The Shanaplan for year 2 was to hope the defense built correctly so that Rex could manage the game. And quite frankly, the defense has far exceeded expectations. Going from the bottom 5 last season, the Redskins this year have done amazing in a turnaround, and while yards can still be yielded, points are being kept off of the board. The draft picks fit well, and one of the better in Jarvis Jenkins, was injured in preseason, so his return next year could prove even more valuable than we can imagine. But furthermore, the defense is growing and will only get better next year as well, both through experience and upgrades. That leads me back into the full Shanaplan.
I doubt Shanahan tanked games this season, no matter how bad Kyle’s gameplan looked 11 of 13 games so far this season. I believe he still wanted to be middle of the pack so he could once again trade back if he needed to where his pick has less value than a top 5 pick but enough value to coax multiple picks out of someone. What happens the next 3 games determines how high the pick is and we could still be a top 5 pick, but I believe in the Shanaplan to once again acquire more picks and hopefully repeat last season’s magic in finding a bunch of talent who can play.
Next year will be telling in the plan though. Through 2 years, we haven’t had on-field success leading to playoffs, but we didn’t have the talent capable of doing it right away, and Shanahan has only just rid us of Cerrato’s garbage. It will be interesting to see what he decides to do with Trent Williams and Fred Davis, but I’m in favor of bringing Fred back and keeping Trent. It would take away a bit to get rid of Fred and hope to build someone else up to that level, especially when it appears we could be building our QB of the future at the same time. You’d like to have reliable on-field weapons, and I’m confident Fred can correct his poor-decisions off-field and be a security blanket for whoever the next QB is.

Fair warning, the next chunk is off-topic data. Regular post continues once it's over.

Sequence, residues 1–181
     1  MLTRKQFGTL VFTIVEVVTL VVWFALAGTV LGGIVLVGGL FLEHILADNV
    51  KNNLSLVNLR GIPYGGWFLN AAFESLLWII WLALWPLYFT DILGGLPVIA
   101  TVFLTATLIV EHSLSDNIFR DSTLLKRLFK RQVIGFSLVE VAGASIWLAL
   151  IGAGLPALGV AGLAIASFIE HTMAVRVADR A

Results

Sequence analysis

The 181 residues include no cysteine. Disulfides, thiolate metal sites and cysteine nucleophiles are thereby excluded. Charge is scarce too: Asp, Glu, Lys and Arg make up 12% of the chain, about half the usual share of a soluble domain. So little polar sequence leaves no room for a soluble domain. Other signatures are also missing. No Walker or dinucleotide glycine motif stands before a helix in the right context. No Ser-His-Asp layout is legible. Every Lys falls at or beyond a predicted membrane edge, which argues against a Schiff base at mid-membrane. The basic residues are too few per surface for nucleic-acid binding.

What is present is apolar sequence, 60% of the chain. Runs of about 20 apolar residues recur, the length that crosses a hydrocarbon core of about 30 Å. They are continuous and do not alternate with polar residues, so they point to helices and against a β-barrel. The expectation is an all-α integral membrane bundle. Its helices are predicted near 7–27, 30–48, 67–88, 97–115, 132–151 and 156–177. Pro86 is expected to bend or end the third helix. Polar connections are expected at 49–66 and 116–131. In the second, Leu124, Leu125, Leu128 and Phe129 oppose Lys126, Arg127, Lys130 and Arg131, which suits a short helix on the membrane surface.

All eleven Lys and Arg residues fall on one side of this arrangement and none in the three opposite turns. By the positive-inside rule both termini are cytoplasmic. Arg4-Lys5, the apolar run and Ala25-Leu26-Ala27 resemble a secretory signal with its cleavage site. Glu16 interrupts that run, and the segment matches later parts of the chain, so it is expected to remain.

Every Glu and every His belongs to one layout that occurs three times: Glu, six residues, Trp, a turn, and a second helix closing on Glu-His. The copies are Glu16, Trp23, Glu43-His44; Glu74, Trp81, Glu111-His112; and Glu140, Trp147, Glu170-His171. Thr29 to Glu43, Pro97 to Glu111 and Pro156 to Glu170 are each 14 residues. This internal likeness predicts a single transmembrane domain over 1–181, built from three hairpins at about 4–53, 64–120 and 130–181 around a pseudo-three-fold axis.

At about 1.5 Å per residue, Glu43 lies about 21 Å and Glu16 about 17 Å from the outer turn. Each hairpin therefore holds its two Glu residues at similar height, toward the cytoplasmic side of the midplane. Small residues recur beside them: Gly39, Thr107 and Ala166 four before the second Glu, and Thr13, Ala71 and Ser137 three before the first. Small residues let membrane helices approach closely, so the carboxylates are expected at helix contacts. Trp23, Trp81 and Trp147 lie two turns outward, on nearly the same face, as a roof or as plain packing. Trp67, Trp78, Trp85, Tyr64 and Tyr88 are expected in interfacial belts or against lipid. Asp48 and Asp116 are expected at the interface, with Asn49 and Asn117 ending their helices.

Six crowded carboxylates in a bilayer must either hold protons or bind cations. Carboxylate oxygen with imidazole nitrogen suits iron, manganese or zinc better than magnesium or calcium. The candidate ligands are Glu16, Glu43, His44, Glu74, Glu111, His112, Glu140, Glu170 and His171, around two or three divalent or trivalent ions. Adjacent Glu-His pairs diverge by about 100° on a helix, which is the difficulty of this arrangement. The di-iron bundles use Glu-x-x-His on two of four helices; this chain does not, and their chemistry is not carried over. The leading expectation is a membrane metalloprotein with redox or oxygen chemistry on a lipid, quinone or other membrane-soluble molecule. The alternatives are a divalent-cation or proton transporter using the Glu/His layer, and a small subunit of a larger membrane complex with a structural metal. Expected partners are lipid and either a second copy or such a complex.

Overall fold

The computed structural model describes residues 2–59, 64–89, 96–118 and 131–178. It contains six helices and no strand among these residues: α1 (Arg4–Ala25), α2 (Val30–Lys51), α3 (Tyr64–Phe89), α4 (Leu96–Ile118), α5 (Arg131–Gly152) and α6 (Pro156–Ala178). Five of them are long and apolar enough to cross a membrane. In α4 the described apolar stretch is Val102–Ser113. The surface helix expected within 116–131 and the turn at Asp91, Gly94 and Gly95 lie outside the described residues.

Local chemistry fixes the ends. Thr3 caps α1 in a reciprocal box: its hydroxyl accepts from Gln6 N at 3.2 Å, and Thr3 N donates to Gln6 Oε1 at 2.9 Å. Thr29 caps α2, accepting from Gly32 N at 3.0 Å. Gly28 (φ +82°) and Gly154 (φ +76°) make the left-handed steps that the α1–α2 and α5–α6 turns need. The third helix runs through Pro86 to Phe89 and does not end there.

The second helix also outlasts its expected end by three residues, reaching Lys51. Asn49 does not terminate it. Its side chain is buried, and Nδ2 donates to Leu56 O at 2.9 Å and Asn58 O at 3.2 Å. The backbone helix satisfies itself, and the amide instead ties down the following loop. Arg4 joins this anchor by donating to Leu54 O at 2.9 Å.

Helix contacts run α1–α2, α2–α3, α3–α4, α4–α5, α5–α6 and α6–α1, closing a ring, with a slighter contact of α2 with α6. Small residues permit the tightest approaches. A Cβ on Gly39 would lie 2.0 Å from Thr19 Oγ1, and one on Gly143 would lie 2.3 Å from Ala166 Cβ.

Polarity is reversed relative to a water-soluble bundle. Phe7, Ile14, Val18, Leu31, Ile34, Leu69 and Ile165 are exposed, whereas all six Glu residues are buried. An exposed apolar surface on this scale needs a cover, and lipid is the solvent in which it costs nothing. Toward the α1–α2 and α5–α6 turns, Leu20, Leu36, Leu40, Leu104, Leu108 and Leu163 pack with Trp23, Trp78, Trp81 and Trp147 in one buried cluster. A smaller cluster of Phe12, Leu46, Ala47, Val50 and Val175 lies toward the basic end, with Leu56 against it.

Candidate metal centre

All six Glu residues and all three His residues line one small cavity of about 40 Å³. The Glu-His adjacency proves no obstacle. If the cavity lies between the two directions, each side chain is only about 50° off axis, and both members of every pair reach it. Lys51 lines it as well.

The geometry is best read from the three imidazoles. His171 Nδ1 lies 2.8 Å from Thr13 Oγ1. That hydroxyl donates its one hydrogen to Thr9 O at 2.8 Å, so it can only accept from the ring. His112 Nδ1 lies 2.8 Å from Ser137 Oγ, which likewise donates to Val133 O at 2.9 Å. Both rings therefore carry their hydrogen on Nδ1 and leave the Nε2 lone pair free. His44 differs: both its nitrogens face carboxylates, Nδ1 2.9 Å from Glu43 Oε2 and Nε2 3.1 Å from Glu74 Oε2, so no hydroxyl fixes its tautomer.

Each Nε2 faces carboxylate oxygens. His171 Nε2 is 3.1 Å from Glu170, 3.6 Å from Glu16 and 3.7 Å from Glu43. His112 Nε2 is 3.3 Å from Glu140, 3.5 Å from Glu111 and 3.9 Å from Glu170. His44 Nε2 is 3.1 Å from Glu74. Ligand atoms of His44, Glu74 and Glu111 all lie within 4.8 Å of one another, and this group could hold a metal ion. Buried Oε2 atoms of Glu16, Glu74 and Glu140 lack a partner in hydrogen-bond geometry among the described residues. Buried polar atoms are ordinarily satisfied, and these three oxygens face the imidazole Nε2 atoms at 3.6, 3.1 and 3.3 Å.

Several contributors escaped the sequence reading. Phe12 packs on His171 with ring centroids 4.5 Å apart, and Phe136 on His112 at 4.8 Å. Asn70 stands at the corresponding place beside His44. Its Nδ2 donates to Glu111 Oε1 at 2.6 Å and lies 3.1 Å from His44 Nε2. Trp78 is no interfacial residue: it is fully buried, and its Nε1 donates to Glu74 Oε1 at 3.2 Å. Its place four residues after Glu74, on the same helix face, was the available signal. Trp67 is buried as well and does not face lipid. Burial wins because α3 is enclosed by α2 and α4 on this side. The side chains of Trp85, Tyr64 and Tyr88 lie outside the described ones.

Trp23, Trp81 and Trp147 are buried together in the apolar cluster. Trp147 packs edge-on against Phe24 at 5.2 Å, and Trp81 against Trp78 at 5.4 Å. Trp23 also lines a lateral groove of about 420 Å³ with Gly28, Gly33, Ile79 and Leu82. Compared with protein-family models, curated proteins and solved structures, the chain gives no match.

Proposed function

In the draft, it seems apparent that there will be a QB selected, but where is key. I think Shanahan will be in play for Matt Flynn, but he’s known for oddball decisions. I think if he acquires a QB through FA/trade, he can postpone his selection to a mid-round project. If he decides to just draft, I think he keeps Rex Grossman to be the guide for the young guy. Who he picks is dependent on when he picks and who is ahead of us. A lot of fans are clamoring for Robert Griffin III, who just won the Heisman Trophy, but there’s a chance he’s gone. Regardless, I think he’ll go with the young buck.
It’s clear to me with the progression of the defense so far, that they’ll only get better, which means not only should they make a rookie QB’s job easy, but they should be able to win a lot of these close games they’ve had with a few more turnovers if they come. While a presence in the playoffs next year is possible, Shanahan is well in position to be in the playoffs as a competitor in years 4 & 5 of the Shanaplan. So when he told us in his introduction speech that he wanted 5 years because it will take time to have the team he wants who can compete for the playoffs and/or Super Bowl year-in and year-out, Shanahan not only was telling the truth, but he was foreseeing the future. Anything can happen between now and the end of his contract which he reportedly is locked in for good with no interference from Snyder, but if I were a betting man, my money would be on the Shanaplan sticking and being successful.
As always, leave a comment or hit me up and follow me on Twitter @Sean_Bishop to let me know what you think of the Shanaplan.